Helping Kids Cope with School Anxiety

By Dr. Mary Rooney, Ph.D.

Heading back to school during a typical school year causes many students to experience feelings of anxiety and worry. When you layer on the added challenges that come with returning to in-person learning during the COVID-19 pandemic, feelings of anxiety are even more common and, in some cases, more severe. While remote learning has kept students engaged in the academic aspects of school all year long, students haven’t been exposed to the additional stressors that come with attending school in person.

At school, students are navigating complex social situations, dealing with noisy and crowded hallways, following their school’s COVID-19 social distancing protocols, adjusting to their teacher’s in-person learning style, and keeping track of their supplies, assignments, and belongings in a crowded classroom. It’s not surprising that many students are experiencing anxiety when they return to school. Fortunately, there are many things parents can do to help students manage their anxiety and worries.  

  • Accept and acknowledge your child’s feelings. Everyone feels anxious sometimes, and it’s normal for your child to feel some anxiety under the current circumstances. Encourage them to talk to you about their feelings. Listen to what they have to say and empathize with them. Avoid minimizing or dismissing their feelings by telling them that there’s nothing to worry about or that everything will be fine. This type of response can cause kids to shut down or make them feel like their parents don’t understand.
  • Listen for clues about what is driving your child’s anxiety. Children feel anxious about school for many different reasons. Some are anxious about being separated from their parents or being away from home all day. Others are experiencing social anxiety, and some feel more general anxiety about going into a situation that feels unknown and unfamiliar. When you have a sense of the things that are driving your child’s anxiety, you’re better equipped to help them deal with it.
  • Teach your child about anxiety. Anxiety is less frightening when kids can identify it and have a strategy for managing uncomfortable thoughts and feelings. Most children don’t know how to recognize the signs of anxiety, like tense muscles, “what if” thoughts, or butterflies in their stomachs. Teaching them how to recognize these signs and a brief mindfulness strategy that they can use in response, like slow breathing or visualizing a happy place, can help children feel more in control of their anxious feelings. There are many great books that teach children about anxiety, including:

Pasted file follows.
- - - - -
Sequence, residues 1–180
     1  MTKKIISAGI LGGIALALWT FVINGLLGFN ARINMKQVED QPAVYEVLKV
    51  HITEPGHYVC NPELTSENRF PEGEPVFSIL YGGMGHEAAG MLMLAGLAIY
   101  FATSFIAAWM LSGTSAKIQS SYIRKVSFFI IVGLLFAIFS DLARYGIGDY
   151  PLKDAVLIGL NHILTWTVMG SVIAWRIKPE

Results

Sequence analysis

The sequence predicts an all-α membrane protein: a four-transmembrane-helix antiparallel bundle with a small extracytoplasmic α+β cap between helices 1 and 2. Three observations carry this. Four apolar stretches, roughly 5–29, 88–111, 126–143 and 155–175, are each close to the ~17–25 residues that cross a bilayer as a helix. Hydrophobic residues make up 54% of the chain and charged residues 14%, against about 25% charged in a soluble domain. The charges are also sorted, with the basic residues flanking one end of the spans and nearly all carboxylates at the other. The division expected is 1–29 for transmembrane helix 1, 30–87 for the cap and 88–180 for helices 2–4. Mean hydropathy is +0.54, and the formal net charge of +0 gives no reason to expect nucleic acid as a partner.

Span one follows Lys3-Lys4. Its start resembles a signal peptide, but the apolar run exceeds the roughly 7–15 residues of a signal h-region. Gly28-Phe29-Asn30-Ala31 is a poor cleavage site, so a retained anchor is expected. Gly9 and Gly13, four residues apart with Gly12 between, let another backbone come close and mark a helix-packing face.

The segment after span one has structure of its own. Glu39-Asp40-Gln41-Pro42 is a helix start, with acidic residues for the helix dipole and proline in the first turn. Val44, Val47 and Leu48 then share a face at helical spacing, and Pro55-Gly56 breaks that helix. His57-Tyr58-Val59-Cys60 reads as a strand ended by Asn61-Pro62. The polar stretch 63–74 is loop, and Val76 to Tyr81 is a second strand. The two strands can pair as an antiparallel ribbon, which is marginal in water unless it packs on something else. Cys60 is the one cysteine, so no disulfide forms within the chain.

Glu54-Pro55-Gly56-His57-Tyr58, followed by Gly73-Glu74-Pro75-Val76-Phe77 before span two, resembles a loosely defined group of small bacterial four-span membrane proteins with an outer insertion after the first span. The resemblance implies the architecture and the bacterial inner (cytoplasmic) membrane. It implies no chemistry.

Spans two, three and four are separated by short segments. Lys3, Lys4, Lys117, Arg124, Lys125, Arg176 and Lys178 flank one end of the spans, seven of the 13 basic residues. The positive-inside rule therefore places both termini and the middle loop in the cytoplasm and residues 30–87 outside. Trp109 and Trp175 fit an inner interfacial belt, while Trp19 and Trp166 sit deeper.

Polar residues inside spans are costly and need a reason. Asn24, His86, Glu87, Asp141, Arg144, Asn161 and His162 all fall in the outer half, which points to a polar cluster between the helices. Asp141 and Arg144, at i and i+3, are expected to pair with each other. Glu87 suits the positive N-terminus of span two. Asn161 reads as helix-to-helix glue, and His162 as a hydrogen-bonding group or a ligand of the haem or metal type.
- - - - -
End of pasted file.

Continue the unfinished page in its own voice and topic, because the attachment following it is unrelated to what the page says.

• Find Your Calm: A Mindful Approach to Relieve Anxiety and Grow Your Bravery by Gabi Garcia
    • A Little SPOT of Anxiety: A Story About Calming Your Worries by Diane Alber
    • CBT Workbook for Kids by Heather Davidson, PsyD
    • The Worry Workbook for Kids by Muniya Khanna, PhD and Deborah Ledley, PhD
  • Encourage involvement in extracurricular activities at school. When students participate in activities they enjoy, they’ll have more opportunities to make friends with students who share their interests, and they’ll have something to look forward to as they head off to school each morning.
  • Celebrate their success. When your child has been brave and has had a ‘good day’ at school, let them know that you’re proud of them. Consider planning a fun activity for the weekend to celebrate their success at school during the week.

While some mild or moderate school anxiety is normal, there are times when a child’s anxiety becomes more severe and requires treatment from a mental health professional. Signs that your child may need treatment for their anxiety symptoms include:

  • Anxious thoughts or physical symptoms, like frequent stomachaches or headaches (without a medical cause), that cause your child to refuse to attend school or make it extremely difficult for you to get them to school each day.
  • Difficulty falling asleep or staying asleep most nights.
  • Difficulty participating in academic or social activities during the school day.


Your pediatrician or school counselor should be able to recommend a mental health provider in your area who treats children who are struggling with anxiety. Therapy for anxiety disorders in children is highly effective, so don’t hesitate to seek treatment if your child is struggling.


Mary Rooney, Ph.D., is a licensed clinical psychologist in the Department of Psychiatry at the University of California San Francisco. Dr Rooney is a researcher and clinician specializing in the evaluation and treatment of ADHD and co-occurring behavioral, anxiety, and mood disorders. A strong advocate for those with attention and behavior problems, Dr. Rooney is committed to developing and providing comprehensive, cutting edge treatments tailored to meet the unique needs of each child and adolescent. Dr. Rooney's clinical interventions and research avenues emphasize working closely with parents and teachers to create supportive, structured home and school environments that enable children and adolescents to reach their full potential. In addition, Dr. Rooney serves as a consultant and ADHD expert to Huntington Learning Centers.


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